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Periorbital (or Preseptal) Cellulitis

The Greek prefix “peri” meaning near, the suffix “itis” meaning […]

By Published On: 19 August 20123.1 min read

The Greek prefix “peri” meaning near, the suffix “itis” meaning inflammation, and “orbit” being the medical term for the eye socket, all together give a good indication of what this disease of the eye is all about:

“a bacterial infection and inflammation of the skin, or tissue under the skin, near the eye socket”.

The range of infections that are periorbital can be grouped into two categories depending where they are prevalent:

  • In the skin tissue (the dermis) around the eye – periorbital cellulitis
  • In the tear ducts – dacryoadenitis, canaliculitis and dacrocystitis

Periorbital cellulitis, sometimes called preseptal cellulitis because the infection occurs in front of the septum, a layer of fibres holding the eyelids in position, can be initiated by quite a few occurrences:

  • A bout of conjunctivitis in the eye spreading to the skin
  • A scratch or an insect bite near the eye becoming infected
  • Sinusitis spreading from the nasal area
  • Bad teeth or poor dental hygiene spreading bacterial infection
  • A stye – a sore bump on the eyelid


Who gets it?

Mainly babies up to one year old are found to suffer from the condition, which of course is a source of extreme concern for new parents. Both boys and girls can be affected.

Fortunately it is readily treated and only in exceptional cases is the outcome a bad one.



Firstly, there is one symptom that remains missing on the list – vision is NOT affected, (of course this can only be confirmed for certain when young children who may suffer from the condition “agree” to be examined and their sight tested).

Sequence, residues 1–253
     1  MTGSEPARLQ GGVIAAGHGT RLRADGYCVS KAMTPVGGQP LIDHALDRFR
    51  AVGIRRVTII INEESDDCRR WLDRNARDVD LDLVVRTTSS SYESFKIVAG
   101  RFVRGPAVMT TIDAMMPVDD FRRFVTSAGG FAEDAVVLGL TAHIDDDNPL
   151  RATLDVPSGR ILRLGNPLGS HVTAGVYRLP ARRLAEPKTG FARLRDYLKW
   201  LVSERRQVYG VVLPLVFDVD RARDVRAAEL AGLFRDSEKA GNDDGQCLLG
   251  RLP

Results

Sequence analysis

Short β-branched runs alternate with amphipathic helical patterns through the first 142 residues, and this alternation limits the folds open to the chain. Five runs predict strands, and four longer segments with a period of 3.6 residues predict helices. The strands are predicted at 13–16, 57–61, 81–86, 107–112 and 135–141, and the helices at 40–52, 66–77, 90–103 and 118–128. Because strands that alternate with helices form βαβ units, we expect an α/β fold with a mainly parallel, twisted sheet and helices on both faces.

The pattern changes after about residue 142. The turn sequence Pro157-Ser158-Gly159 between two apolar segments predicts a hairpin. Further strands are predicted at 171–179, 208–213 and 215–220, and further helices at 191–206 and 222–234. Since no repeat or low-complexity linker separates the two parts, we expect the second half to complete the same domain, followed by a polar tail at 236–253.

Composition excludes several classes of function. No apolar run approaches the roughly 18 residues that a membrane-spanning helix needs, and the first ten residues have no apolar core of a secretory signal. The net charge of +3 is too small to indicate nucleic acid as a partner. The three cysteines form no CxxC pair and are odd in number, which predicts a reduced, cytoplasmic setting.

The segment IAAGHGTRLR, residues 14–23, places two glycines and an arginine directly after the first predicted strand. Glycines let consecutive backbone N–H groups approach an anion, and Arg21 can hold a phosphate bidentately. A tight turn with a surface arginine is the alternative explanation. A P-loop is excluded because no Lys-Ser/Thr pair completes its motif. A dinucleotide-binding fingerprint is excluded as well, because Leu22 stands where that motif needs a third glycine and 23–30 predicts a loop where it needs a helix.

“Pink eye” in the white part of the eyes

Elevated temperature or fever, and maybe a runny nose

Swelling of the eyes

Slight breaks in the skin near the eyes

The child appears to be in pain when the eyelids are touched in any way


There are a range of possibilities of where the infections come from:

Flu type viruses are increasingly thought to be a factor

A bout of pneumonia

Cosmetics and especially eye makeup not being washed off at night

An instance of meningitis

Contact with staphylococcus or streptococcus bacteria



Babies and young children need to be taken to hospital.

In the unusual event of an adult being affected, no hospitalisation is required and a course of antibiotics taken orally is a quick and effective treatment, provided the course of antibiotics IS COMPLETED! For that reason alone follow up outpatient care is recommended.

Nasal decongestant sprays can help to clear up a running nose and minimise nasal swelling due to any retention of fluids.

If a diagnosis is made based upon dental hygiene or infection then of course it’s time to leave the ophthalmologist and head for the dentist – hopefully not too far away!

One of the most interesting features of treatment is the ability to quantify the severity through use of an index – the Clinical Severity Index – taking into account and assigning a degree of severity to things such as the extent of swelling, patient temperature, pain suffered and skin appearance. The index can then be used to tailor the treatment accordingly.


What’s the outcome?

Although some minor skin scarring may occur in isolated cases, the vast majority of cases in babies clear up – PROVIDED TREATMENT IS SOUGHT! The same occurs in adults, as long as it does not spread posterior of the septum, which can then be serious.

It is essential that treatment is indeed sought, as on rare occasion the periorbital cellulitis may cease to be “near” any more and begin to infect the orbit – orbital cellulitis.

If this does happen further complications can result with an unfortunate prognosis.


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